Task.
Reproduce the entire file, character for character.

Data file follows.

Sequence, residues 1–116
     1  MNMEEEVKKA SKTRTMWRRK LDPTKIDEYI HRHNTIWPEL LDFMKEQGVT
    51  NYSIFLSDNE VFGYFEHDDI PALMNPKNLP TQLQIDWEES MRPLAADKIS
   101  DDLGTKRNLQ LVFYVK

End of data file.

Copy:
Sequence, residues 1–116
     1  MNMEEEVKKA SKTRTMWRRK LDPTKIDEYI HRHNTIWPEL LDFMKEQGVT
    51  NYSIFLSDNE VFGYFEHDDI PALMNPKNLP TQLQIDWEES MRPLAADKIS
   101  DDLGTKRNLQ LVFYVK